How to Save for an Emergency Fund

Saving for an emergency is one of the building blocks of financial freedom and independence. When you learn how to save for an emergency fund or emergency savings, you are better prepared for the storms of life. Also, having this emergency fund will help keep you from turning to debt in times of need.

This post answers the question about how to save for an emergency fund.

how to save for an emergency fund

We all have storms in life we have to weather. Sometimes, those storms are in the form of a financial emergency. Whether is the car breaking down and needing to be towed (ask me about that one) or the need to fly home due to the death of a loved one, there are all kinds of emergency situations that can take a toll on your budget. But it doesn’t always have to be that way. By learning how to save for an emergency fund, you can create a buffer between you and life so you can avoid taking out more debt.

This post is all about how to save for an emergency fund and why you need one.

How to Save for an Emergency Fund

What is an emergency fund?

An emergency fund is a stash of money that you set aside for unexpected expenses. It typically covers three to six months of your living expenses. It’s important because it helps you avoid debt and financial stress during tough times.

So how do you build an emergency fund?

1. Set SMART goals

smart goals

SMART goals are often talked about in the world of personal and professional development. SMART stands for specific, measurable, attainable, realistic, and time-bound. These are the parameters with which you will create your goal. For example, an okay goal is to say you want to have 6 months of emergency savings. But a SMART goal would be more like, “I will save $7500 into my emergency savings account in the next 6 months.” This satisfies the elements of being a SMART goal.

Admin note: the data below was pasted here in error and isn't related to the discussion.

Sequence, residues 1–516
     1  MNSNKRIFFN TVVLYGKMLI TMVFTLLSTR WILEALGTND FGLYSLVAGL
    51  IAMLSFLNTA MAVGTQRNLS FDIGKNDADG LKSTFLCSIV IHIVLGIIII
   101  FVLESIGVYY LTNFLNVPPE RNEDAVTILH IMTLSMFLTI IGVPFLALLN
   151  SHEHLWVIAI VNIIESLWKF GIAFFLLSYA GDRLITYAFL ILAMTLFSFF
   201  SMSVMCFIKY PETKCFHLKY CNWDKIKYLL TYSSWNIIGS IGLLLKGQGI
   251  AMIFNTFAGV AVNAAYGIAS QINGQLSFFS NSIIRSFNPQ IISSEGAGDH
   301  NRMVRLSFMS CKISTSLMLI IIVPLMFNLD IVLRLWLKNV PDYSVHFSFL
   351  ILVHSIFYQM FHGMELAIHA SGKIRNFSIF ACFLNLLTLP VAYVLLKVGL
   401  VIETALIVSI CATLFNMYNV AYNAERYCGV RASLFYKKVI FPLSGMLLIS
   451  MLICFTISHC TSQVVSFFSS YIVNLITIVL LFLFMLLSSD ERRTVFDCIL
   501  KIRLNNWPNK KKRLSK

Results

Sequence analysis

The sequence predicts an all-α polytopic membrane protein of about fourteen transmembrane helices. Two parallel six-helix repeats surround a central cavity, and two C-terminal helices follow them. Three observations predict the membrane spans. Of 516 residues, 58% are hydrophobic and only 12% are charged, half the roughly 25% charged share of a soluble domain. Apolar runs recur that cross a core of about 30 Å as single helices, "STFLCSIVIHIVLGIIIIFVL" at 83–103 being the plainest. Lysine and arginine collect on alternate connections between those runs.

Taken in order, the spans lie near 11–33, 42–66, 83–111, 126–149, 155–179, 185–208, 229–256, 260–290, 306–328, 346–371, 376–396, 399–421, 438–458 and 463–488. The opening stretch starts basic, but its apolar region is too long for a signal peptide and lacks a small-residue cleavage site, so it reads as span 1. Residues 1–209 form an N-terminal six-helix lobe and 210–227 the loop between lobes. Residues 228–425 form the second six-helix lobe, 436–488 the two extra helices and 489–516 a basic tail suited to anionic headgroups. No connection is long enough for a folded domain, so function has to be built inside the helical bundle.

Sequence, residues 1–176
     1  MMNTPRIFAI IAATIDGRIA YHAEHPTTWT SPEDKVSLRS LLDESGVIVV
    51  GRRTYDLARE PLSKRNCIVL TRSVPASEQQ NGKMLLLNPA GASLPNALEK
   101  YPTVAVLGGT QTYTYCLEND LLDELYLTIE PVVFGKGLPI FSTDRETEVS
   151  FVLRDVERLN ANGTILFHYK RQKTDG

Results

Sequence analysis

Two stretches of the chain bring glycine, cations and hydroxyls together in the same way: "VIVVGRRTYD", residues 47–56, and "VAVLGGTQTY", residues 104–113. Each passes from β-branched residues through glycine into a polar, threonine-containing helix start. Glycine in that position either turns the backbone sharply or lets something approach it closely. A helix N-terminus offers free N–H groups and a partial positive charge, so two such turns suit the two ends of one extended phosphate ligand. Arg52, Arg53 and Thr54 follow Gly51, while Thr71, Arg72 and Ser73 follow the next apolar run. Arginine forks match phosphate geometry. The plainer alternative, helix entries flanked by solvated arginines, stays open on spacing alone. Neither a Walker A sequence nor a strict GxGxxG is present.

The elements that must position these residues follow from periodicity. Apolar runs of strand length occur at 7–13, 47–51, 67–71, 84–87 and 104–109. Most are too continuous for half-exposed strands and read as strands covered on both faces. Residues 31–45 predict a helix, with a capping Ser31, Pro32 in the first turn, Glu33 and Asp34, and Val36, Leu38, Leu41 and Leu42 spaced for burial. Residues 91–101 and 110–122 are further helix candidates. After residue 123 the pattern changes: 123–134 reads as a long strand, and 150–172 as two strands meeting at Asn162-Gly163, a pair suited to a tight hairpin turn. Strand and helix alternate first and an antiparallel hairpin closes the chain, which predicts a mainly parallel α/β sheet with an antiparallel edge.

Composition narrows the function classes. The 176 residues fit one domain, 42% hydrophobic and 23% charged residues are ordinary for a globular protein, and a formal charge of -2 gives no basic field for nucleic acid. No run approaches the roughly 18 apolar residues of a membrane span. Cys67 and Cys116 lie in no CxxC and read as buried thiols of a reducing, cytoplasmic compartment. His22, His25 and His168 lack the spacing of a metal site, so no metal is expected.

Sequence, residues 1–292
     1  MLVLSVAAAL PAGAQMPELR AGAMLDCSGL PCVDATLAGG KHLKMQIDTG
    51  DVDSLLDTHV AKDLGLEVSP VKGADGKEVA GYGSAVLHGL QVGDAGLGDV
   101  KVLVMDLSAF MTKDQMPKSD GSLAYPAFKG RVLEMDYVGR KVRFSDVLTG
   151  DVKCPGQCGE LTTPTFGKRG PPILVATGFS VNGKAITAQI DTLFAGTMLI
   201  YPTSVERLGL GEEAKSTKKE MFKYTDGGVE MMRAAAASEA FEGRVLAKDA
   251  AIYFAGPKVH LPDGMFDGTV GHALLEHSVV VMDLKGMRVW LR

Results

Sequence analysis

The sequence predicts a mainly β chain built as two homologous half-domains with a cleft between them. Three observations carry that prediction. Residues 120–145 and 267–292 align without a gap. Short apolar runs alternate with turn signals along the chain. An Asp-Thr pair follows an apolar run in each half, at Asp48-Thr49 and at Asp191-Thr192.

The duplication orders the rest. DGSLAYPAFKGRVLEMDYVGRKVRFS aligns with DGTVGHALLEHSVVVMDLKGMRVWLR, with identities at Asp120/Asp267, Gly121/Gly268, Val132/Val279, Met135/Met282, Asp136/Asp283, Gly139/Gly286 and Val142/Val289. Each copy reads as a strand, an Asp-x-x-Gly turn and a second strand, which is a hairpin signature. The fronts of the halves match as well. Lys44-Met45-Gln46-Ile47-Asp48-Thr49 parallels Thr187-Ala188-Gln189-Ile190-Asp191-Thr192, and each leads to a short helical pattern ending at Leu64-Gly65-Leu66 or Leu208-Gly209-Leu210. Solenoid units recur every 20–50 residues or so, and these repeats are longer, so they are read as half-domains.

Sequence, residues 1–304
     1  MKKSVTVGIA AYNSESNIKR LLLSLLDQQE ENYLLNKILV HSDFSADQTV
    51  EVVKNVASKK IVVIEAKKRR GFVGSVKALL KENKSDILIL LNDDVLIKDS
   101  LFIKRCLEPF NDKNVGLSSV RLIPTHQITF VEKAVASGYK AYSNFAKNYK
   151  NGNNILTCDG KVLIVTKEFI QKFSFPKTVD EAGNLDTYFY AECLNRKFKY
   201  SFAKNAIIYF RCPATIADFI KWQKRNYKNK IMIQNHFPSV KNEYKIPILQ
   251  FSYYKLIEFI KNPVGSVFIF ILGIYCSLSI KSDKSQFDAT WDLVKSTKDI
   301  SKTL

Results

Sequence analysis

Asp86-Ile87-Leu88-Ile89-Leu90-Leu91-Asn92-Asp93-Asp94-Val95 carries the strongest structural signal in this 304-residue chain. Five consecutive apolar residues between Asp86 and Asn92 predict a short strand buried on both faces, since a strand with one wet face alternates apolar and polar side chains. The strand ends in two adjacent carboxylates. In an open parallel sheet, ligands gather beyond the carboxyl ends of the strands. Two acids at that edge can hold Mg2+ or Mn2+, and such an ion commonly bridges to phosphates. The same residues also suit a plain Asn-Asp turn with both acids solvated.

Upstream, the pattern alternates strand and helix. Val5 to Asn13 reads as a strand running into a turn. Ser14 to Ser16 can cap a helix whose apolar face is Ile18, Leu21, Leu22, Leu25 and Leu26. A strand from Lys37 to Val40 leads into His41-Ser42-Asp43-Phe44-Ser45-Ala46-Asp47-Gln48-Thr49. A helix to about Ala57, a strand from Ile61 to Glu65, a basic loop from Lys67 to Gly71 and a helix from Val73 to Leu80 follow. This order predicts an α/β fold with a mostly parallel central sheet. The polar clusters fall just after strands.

But how do you know how much to save? This goes back to budgeting. It always does, really. For this exercise, you’ll create a bare-bones budget. All that means is setting up a budget for what it will take for you and your household to survive during an emergency. That emergency could be a job loss or other unexpected drop in income, a medical issue, or car repairs. Either way, using the bare-bones budget, you can figure out how much it really takes for you and your family to live and operate each month.

When you’re creating the bare-bones budget, don’t forget to account for variable items like transportation, groceries, and other things you normally use a sinking fund for. Depending on your sinking fund categories, you might need to drop some from your bare-bones budget. Don’t feel like you have to keep all categories in a time of emergency.

After you’ve created your bare-bones budget, total up everything and see what you need to survive for one month. I recommend starting your emergency savings account with one month of expenses before going on to tackle debt and other goals. This way, you’ll be prepared for one month of an emergency.

Later, you can decide if you want three months or more of emergency funds depending on the stability of your income.

Note: Though not an emergency in every case, you’ll also want to set aside the amount of your car insurance deductible. You’ll likely only use this in case of an accident, but even if the accident isn’t your fault, you may have to pay the deductible and a car rental deposit and then get reimbursed by your insurance company. Yup, that happened to us!

You can keep your insurance deductibles in a separate savings account or roll it into your emergency savings account.

2. Create a separate savings account for emergencies

savings jar

To keep your emergency fund from getting raided, I suggest keeping this in a separate account from other savings goals and separate from your checking account. It should be accessible but not tempting. If you leave it in your checking account, you’ll spend it. Just trust me on that.